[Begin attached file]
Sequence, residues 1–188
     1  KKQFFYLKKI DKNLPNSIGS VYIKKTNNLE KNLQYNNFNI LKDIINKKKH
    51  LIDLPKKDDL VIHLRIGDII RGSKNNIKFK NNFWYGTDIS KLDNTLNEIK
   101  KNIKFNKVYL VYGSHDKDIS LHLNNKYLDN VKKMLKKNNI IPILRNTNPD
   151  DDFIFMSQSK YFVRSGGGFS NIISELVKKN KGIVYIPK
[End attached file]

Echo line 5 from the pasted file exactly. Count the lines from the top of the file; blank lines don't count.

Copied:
   151  DDFIFMSQSK YFVRSGGGFS NIISELVKKN KGIVYIPK